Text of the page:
Game for a go at outback school

HARD YAKKA: Former Newcastle Herald journalist Deb Richards during her outback adventure.
Wuxi Plastic Surgery

WHEN Deb Richards received a playful email from a friend she had no idea it would send her packing for the South Australian scrub to become the next ‘‘jillaroo’’.

‘‘Are you kidding?’’ was all the former Newcastle Herald sub-editor could utter when she received a follow-up call from an ABC producer informing her she had been chosen out of 800 applicants to be one of five trainee farmers for the documentary show Jillaroo School.

‘‘I’ve always had a fascination for the outback and I love adventure’’, said Richards, who describes her experience as funny from day one and crazy ever since.

The show, created in response to a need for female farmers, documents an intense four-week training program where five women ditch their former lives and head for the Flinders Ranges.

They ride horses, quad bikes and learn what it takes to work on the land under the guidance of horse master Bill Willoughby.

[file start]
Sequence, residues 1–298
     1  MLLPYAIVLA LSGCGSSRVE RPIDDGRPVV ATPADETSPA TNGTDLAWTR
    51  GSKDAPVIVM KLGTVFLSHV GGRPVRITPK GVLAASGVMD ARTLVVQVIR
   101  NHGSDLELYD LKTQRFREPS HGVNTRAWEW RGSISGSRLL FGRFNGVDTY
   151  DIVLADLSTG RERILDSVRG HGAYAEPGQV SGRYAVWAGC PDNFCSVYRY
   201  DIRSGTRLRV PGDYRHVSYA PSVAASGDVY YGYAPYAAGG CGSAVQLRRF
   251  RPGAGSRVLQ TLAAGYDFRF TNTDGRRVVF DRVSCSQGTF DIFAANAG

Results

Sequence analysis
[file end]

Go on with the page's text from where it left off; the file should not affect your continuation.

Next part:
‘‘I knew of Bill’s reputation and all I could think was holey moley,’’ Richards said of the man who is famed for his work with animals in programs such as McLeods Daughters and Rabbit Proof Fence.

Under Willoughby’s instruction, Richards acquired skills alongside women she now shares a bond like no other with.

‘‘We’re like sisters now,’’ said Richards, whose favourite part of the experience, other than working with Willoughby and his wife, was forging an amazing friendship with her fellow jillaroos. The program, to air on ABC on February 1, will also depict the many trials farmers working in such harsh conditions go through on a daily basis.

It also highlights the serious employment gaps within their community.

‘‘Unless you live their life for a month you have no idea what they go through’’, Richards said.

‘‘It’s a real employment option. It’s a good life but you have to be really adaptable.’’

Richards, who was ready to run in the beginning after experiencing the trials of that lifestyle, said she now feels more grown up in her mid-forties after being part of the program.

‘‘I loved talking to the women in the community we were in [and seeing] how they survive on each other’s support,’’ she said.

Eagerly awaiting the program to air, the former journalist can’t wait to see how women especially react to what she calls one of the most confronting emotional and physical experiences of her life.

‘‘It shows what women can do’’, said Deb.

‘‘We weren’t thinking about what our hair looked like, there was no make-up, nothing was sugar-coated … it was just women doing great stuff’’.

‘‘I just kept telling myself ‘if you can get through this you’re gonna be amazing’– and I did,’’ Richards said.